The latest exhibit at the Museum of Contemporary Art in Los Angeles is on track to become its most popular to date. 'Art in the Streets' has drawn in tens of thousands of visitors, both regulars and first timers, in its opening week and promises to attract thousands more.

So when the Brooklyn Museum, scheduled to show 'Art in the Streets' after its four month run at MOCA, abruptly cancelled the exhibit, many pointed to the controversy that surrounded the LA exhibit as the reason.

The show, which will 'trace the development of graffiti and street art,' is, like anything else related to graffiti, inherently controversial. When a museum chooses to showcase street art, it is often seen as its endorsement, which invariably feeds the flame of the ongoing debate about the merits of illegal vandalism as valid and appreciated art.

But this time, the controversy is not whether or not the museum approves, but whether the exhibit itself is the cause of a sudden upsurge in graffiti in the museum vicinity. Jack Richter, an LAPD senior lead officer, noted the close proximity of this new graffiti to the museum and seemed to indicate that there is likely a strong link between the two. Los Angeles County Sheriff Sgt. Augie Pando certainly believes that this is the case, asserting that the popular exhibit 'puts taggers on front street.'

Surprisingly, museum director and exhibit curator Jeffrey Deitch did not deny the allegations, taking instead a passive stance. 'We can't stop it,' he said, referring to the graffiti. 'It goes with the territory.'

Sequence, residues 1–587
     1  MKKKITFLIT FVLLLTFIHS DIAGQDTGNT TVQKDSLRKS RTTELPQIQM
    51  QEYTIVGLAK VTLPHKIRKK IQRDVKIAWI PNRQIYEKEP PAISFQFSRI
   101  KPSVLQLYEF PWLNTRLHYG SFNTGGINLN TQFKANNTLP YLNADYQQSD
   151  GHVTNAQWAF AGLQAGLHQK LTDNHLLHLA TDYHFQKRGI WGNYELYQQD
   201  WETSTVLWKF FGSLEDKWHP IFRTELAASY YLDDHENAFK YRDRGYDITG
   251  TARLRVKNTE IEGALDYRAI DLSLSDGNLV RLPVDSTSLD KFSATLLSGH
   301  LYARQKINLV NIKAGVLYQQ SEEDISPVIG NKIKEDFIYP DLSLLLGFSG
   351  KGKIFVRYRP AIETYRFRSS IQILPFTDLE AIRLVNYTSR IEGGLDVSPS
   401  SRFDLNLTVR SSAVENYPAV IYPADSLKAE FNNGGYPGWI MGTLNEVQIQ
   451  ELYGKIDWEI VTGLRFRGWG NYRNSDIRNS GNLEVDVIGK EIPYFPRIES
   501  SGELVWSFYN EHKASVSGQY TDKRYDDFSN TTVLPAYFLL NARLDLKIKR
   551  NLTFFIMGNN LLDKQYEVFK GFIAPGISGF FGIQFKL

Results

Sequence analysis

Is the Brooklyn Museum worried about similar consequences? In a statement released by the museum, Brooklyn Museum Director Arnold L. Lehman cited the economy as the reason for the cancellation.  It is with regret ... that the cancellation became necessary due to the current financial climate, he said. As with most arts organizations throughout the country, we have had to make several difficult choices since the beginning of the economic downturn three years ago. Sally Williams, a spokeswoman for the museum, had no further comment.

Disappointed New Yorkers may not be satisfied with this explanation.  Some see the controversial nature of the exhibit, and not the said financial concerns, as the motivation for the museum's sudden move.

But New York has never been a city to shy away from controversy, especially when it comes to street art. The Brooklyn Museum itself has had a number of graffiti exhibitions in the past, as Lehman pointed out in the statement, and even the MoMA featured a documentary on graffiti a few years ago. Galleries across the city house special graffiti exhibits, and Long Island City's incredibly popular 5 Pointz is a renowned graffiti mecca.

Perhaps fear of sparking a new graffiti wave across the city was a factor in the exhibit's cancellation, but the museum, with no blatant attempts at shying away from controversy in its past, is sticking to the economic explanation.

Frustrated fans will just have to look elsewhere for their graffiti fix next March.